The 10 Best Laptops For Programming

video play icon

This wiki has been updated 21 times since it was first published in December of 2018. While they might be able to get by with a run-of-the-mill machine, most serious coders and software developers require something with a little more oomph to get their jobs done. The laptops on this list boast a number of features that make them ideal for programming, including full keyboards, large displays, and powerful components. Many are also useful for students and engineers. When users buy our independently chosen editorial selections, we may earn commissions to help fund the Wiki.

1. Lenovo ThinkPad X1 Carbon 8th Gen

2. LG Gram

3. Dell XPS 15 9500

Editor's Notes

October 09, 2020:

Programming can refer to a wide range of tasks, from simple and relatively non-taxing coding to testing advanced graphical algorithms that require the most advanced hardware. A majority of programmers, though, look for pretty similar things in their mobile workstations. These include a screen that's easy to look at, enough storage to maintain various projects at once, and a keyboard that's pleasant and reliable to type on.

With those common requirements in mind, it's very difficult to top the Lenovo ThinkPad X1 Carbon 8th Gen, which routinely comes up in conversations about the best laptop keyboard available today. It's a little pricey, but if you're willing to sacrifice a little horsepower, the Lenovo ThinkPad X1 Carbon 7th Gen from last year is actually a fantastic deal. The Lenovo ThinkPad E15 is another from the popular business-oriented line, and has many similar design elements to the flagship model. And while the Lenovo Flex 5 is considerably farther down the line, its Ryzen APU, 2-in-1 rotating hinge, and precise touchscreen make an especially versatile choice.

From a line that's about as famous as the ThinkPad comes the Dell XPS 15 9500, which is the latest evolution of what may be the single most popular laptop ever. This advanced machine has plenty of capable hardware inside, including the GTX 1650 Ti graphics card that can help with resource-intensive engineering tasks as well as providing a little gaming fun when work's over with. Although the HP Spectre x360 hasn't been around as long as the Dell or Lenovo flagships, it's a great device in its own right, and its premium appearance certainly doesn't hurt its case as one of the top options. Finally, the LG Gram is a relative newcomer that's taken many circles by storm, due not only to its impressive battery life, but also its slim package and remarkably light weight.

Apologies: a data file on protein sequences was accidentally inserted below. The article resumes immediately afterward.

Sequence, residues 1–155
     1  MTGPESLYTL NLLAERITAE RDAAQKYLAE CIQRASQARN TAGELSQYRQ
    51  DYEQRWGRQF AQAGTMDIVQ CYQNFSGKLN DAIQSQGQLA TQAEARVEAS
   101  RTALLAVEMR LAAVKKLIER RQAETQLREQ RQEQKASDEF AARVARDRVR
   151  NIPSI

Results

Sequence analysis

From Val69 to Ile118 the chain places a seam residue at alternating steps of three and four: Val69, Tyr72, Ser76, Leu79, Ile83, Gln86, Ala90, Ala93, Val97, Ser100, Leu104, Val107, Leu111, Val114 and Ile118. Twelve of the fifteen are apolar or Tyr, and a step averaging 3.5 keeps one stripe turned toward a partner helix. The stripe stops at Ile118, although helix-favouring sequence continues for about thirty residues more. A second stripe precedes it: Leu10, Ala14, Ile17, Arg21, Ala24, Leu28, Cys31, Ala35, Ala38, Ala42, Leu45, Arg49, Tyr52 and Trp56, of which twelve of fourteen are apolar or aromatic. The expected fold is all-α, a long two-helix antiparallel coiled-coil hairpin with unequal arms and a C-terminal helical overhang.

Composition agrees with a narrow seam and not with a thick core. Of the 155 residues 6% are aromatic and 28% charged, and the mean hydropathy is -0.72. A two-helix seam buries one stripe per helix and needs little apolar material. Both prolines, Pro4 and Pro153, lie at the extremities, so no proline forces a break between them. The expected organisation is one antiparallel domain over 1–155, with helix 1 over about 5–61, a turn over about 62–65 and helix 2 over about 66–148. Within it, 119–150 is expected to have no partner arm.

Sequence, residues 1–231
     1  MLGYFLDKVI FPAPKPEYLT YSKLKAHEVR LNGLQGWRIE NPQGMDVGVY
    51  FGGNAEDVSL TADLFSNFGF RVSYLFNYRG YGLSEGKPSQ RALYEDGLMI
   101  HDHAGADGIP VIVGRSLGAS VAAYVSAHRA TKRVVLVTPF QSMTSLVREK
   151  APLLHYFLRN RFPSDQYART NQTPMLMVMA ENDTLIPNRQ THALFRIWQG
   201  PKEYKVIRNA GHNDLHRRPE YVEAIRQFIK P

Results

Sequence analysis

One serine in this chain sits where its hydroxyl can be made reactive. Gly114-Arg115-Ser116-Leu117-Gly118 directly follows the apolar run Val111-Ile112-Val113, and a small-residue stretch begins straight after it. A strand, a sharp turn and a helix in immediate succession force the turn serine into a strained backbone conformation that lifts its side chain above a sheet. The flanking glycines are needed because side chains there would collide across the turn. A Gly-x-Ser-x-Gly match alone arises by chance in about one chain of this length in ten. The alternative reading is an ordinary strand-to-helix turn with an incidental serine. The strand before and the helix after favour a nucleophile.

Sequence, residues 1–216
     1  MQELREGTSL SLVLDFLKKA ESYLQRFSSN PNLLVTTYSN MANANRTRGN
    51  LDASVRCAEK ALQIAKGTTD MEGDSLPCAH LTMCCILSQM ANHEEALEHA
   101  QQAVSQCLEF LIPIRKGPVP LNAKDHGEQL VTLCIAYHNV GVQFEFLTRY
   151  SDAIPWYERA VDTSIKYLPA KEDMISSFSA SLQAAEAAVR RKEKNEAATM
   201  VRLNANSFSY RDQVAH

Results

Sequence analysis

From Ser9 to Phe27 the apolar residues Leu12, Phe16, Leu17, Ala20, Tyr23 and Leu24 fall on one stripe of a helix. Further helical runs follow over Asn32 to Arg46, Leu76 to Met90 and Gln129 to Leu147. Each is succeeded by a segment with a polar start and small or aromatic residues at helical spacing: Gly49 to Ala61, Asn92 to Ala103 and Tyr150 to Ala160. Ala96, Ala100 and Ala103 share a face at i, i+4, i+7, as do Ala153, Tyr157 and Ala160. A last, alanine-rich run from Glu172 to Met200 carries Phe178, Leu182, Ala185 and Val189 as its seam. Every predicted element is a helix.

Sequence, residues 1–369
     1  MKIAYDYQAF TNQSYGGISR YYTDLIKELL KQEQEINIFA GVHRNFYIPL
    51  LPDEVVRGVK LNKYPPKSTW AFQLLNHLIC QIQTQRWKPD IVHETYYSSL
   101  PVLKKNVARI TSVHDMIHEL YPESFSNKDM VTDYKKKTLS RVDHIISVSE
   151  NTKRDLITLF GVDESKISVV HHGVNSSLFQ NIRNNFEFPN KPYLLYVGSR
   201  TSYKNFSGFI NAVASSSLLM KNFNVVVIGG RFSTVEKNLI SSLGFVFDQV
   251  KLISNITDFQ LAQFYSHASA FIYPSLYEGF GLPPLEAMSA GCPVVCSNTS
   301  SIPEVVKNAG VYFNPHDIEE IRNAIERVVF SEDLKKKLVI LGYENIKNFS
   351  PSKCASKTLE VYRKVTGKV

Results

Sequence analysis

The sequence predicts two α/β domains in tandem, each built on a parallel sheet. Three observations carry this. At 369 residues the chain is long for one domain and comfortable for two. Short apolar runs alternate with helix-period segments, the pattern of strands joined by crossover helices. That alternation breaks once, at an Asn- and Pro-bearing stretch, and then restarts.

January 02, 2019:

While coding isn't necessarily a performance-demanding task in and of itself, software development as a whole can be pretty taxing on a computer's system. For that reason, programmers must be more discerning than the average user when looking for a laptop. Battery life, processor speed, keyboard layout and graphics quality are among the most important features one should consider, and the laptops on this list have all been carefully selected based largely on them. Naturally, we've included the flagship models for all major operating systems, including the Microsoft Surface Pro 6, Apple MacBook Pro and the Google Pixelbook. We've also included a number of gaming laptops, including the Dell G5 15 and Razer Blade 15, both of which offer advanced graphics cards at relatively affordable prices.

Special Honors

Origin PC They're somewhat better known for their custom gaming rigs than their professional PCs, but Origin does it all - and if you need something that can power through the heaviest workloads without flinching, their NT-17 and NS-17 mobile workstations are packed with just about the nicest components available.

HP ZBook Firefly The entire ZBook lineup from tech giant HP is intended for the most demanding professionals and creators. The various models each have their own specific focus, and the Firefly is notable for combining workstation-class hardware in a form factor that rivals many Ultrabooks.

4. HP Spectre x360

5. Apple MacBook Pro

6. Lenovo ThinkPad X1 Carbon 7th Gen

7. Lenovo ThinkPad E15

8. Lenovo Flex 5

9. Apple MacBook Air

10. HP 15

Christopher Thomas
Last updated by Christopher Thomas

Building PCs, remodeling, and cooking since he was young, quasi-renowned trumpeter Christopher Thomas traveled the USA performing at and organizing shows from an early age. His work experiences led him to open a catering company, eventually becoming a sous chef in several fine LA restaurants. He enjoys all sorts of barely necessary gadgets, specialty computing, cutting-edge video games, and modern social policy. He has given talks on debunking pseudoscience, the Dunning-Kruger effect, culinary technique, and traveling. After two decades of product and market research, Chris has a keen sense of what people want to know and how to explain it clearly. He delights in parsing complex subjects for anyone who will listen -- because teaching is the best way to ensure that you understand things yourself.

Thanks for reading the fine print. About the Wiki: We don't accept sponsorships, free goods, samples, promotional products, or other benefits from any of the product brands featured on this page, except in cases where those brands are manufactured by the retailer to which we are linking. For more information on our rankings, please read about us, linked below. The Wiki is a participant in associate programs from Amazon, Walmart, Ebay, Target, and others, and may earn advertising fees when you use our links to these websites. These fees will not increase your purchase price, which will be the same as any direct visitor to the merchant’s website. If you believe that your product should be included in this review, you may contact us, but we cannot guarantee a response, even if you send us flowers.